Saturday Morning Oy - November 4, 2017

Cidu Bill on Nov 4th 2017



Filed in Bill Bickel, Bizarro, Brevity, comic strips, comics, humor, oy | 19 responses so far

19 Responses to “Saturday Morning Oy - November 4, 2017”

  1. Yakumo Fuji Nov 4th 2017 at 07:21 am 1

    For those like me who had trouble getting the first one:
    Hell’s Angles. Not Angels, but Angles.

  2. mitch4 Nov 4th 2017 at 10:06 am 2

    Maybe one reason Bizarro is often so successful is that the art is done so well!

    When I hear (or privately sing to myself):

    Die englischen Stimmen
    Ermuntern die Sinnen,
    Daß alles für Freuden erwacht.

    the question comes up, why are the English voices so inspiring of happiness?

  3. DemetriosX Nov 4th 2017 at 01:54 pm 3

    @mitch4 (2): To quote the Venerable Bede, “Not Angles, but angels”. In other words, it’s the voices of angels, not the English. Englisch to mean angelic is a rather outdated word, no doubt because of it’s alternative meaning of English. These days, German is more likely to use engelgleich or engelsgleich, or if possible Engels- in combination with a noun (e.g. Engelschor, “choir of angels”).

  4. Boise Ed Nov 4th 2017 at 06:39 pm 4

    Hah! I love the old Hell’s Angles. And Dan Piraro’s drawing style.

  5. Greybeard Nov 4th 2017 at 07:08 pm 5

    Back in middle school, we had a math teacher named Mr. Hill. Needless to say, our team at the regional math competition was “Hill’s Angles”.

    The “Cheap Twix” one took me a minute because the lyric made my brain play Lobo’s “I’d Love You to Want Me” instead of “I Want You to Want Me”, even though the lyric was correct. And now I have an earbug of the Lobo song. You’re welcome.

  6. Kilby Nov 4th 2017 at 11:21 pm 6

    @ “englisch” - DemetriosX’s explanation of the (archaic) adjective @3 is perfect. The outdated nature of the text is also shown in the preposition “für” and the (only very recently) deprecated spelling of “daß“.

    P.S. Even though it’s wrong, I would like to offer the alternative theory that “English voices” might have been intended as a commentary on the inappropriateness of using German for the heavenly choir. Someone once said that writing an opera in German is like staging a ballet with the Green Bay Packers (or was it the Chicago Bears?) as dancers.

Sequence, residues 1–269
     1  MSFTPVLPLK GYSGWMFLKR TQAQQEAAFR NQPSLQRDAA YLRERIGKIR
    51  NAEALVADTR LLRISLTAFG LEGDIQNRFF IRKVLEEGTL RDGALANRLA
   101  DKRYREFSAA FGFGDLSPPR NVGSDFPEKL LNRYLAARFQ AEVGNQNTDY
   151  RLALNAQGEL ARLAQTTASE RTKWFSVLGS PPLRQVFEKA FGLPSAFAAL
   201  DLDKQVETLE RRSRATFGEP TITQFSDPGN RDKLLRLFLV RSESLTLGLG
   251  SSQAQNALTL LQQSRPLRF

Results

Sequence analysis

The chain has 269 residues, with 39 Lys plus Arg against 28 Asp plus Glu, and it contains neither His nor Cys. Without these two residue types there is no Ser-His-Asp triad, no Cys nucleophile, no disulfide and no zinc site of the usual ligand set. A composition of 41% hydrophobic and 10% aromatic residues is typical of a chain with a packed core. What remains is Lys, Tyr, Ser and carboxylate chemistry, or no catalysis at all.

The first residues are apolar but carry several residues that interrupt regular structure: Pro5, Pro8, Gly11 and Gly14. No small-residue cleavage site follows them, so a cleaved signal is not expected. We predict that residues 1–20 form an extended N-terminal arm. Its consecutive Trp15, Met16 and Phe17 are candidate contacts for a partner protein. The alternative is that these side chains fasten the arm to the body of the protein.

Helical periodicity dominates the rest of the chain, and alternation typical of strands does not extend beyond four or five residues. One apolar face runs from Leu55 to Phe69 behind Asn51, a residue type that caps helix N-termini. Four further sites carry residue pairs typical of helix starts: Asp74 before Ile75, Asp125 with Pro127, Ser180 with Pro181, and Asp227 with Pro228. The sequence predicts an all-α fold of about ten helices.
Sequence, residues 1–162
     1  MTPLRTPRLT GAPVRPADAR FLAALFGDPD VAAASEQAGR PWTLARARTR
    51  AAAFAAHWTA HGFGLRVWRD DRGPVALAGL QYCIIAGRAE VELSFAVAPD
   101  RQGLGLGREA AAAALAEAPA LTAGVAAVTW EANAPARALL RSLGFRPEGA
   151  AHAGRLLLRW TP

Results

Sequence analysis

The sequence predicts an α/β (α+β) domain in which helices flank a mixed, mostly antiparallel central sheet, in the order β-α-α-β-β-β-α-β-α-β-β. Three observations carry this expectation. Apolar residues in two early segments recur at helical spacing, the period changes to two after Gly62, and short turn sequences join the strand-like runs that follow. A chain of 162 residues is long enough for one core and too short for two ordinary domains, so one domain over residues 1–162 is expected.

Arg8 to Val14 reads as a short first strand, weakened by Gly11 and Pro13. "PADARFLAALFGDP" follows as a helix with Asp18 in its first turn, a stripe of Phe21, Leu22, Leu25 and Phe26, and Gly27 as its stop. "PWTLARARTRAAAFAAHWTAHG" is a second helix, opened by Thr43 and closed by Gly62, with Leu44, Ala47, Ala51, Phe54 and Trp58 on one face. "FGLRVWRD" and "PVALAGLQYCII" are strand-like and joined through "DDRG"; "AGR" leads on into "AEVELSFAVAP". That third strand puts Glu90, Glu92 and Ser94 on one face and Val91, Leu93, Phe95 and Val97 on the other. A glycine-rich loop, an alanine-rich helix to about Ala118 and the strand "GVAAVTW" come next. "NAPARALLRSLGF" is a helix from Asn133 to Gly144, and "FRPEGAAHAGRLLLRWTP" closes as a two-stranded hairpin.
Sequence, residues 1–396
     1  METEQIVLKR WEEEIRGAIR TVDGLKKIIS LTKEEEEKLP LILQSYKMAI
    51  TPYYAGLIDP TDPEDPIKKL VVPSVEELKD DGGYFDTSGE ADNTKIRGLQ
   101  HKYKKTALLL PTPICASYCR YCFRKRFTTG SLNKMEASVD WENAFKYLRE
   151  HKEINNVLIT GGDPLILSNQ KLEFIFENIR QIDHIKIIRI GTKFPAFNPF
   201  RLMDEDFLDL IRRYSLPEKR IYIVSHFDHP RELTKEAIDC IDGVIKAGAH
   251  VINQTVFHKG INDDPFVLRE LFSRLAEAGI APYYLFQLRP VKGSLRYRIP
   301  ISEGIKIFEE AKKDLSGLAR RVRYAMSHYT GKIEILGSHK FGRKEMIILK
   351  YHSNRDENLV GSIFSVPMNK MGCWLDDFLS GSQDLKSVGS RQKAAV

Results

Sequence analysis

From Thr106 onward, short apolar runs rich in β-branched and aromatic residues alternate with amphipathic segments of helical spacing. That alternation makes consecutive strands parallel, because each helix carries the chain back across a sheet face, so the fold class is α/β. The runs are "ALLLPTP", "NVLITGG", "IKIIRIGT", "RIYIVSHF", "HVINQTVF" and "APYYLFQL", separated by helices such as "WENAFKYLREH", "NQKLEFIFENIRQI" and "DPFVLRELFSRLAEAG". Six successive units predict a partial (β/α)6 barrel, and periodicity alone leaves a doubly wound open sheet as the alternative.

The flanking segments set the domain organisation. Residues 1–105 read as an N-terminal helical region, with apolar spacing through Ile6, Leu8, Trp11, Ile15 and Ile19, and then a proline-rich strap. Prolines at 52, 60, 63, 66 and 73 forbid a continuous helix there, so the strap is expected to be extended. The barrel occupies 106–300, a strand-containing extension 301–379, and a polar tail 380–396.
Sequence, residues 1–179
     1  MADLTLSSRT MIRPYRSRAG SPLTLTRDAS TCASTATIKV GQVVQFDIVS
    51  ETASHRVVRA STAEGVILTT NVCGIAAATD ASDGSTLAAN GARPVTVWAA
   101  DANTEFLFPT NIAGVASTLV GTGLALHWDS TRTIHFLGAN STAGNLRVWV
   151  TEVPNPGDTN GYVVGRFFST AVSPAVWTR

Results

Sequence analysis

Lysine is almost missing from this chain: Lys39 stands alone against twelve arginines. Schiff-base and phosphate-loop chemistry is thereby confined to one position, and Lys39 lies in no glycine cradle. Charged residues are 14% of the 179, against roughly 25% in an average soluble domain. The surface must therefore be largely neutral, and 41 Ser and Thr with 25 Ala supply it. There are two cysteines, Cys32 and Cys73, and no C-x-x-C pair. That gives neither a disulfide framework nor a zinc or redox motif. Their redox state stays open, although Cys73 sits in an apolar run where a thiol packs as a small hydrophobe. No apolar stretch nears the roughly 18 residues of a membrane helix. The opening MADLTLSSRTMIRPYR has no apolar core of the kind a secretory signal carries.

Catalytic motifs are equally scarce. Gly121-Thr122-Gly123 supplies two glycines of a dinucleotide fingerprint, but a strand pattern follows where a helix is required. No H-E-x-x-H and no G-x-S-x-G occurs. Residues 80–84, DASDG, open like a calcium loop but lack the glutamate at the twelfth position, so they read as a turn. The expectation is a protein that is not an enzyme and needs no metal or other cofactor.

7. mitch4 Nov 5th 2017 at 11:20 am 7

    I was being slightly tongue-in-cheek (which does not help with pronunciation!) is saying I didn’t know it was angelic voices and not English. Not meant as a trap!, and I really appreciate the details you guys have been providing. It was just trying to follow-on and build on the Angel / Angle playing.

    The text is from a poem used as text for a musical setting. The poem is “Das himmlische Leben” (’The Heavenly Life’) and comes from the collection

    Des Knaben Wunderhorn (’The Youth’s Magic Horn’) a collection of anonymous German folk poems assembled by Achim von Arnim and Clemens Brentano and published by them, in heavily redacted form, between 1805 and 1808

    Mahler used several of these poems for settings as song, and “Das himmlische Leben” was taken and re-orchestrated as the final movement of his 4th Symphony. His setting as song dates from 1892, and the Symphony from 1899-1900. (The text I copied is Mahler’s, not the original.) So it ought to be outdated!

    It is sung by a solo soprano, not a chorus. It can be incredibly beautiful.

  8. Meryl A Nov 7th 2017 at 03:16 am 8

    1 - Are those left or right Twix

    2 - I got terribly annoyed with a ceramic artist who listed every one of her angel pieces as angles. I sent her a polite email mentioning that it was wrong - 10 years later, she still has them wrong.

  9. Olivier Nov 7th 2017 at 04:09 am 9

    In France, Angela Merkel’s first name is often pronounced with a soft G, ‘à la française’. The German use a hard G, we’re repeatedly told.

  10. DemetriosX Nov 7th 2017 at 06:14 am 10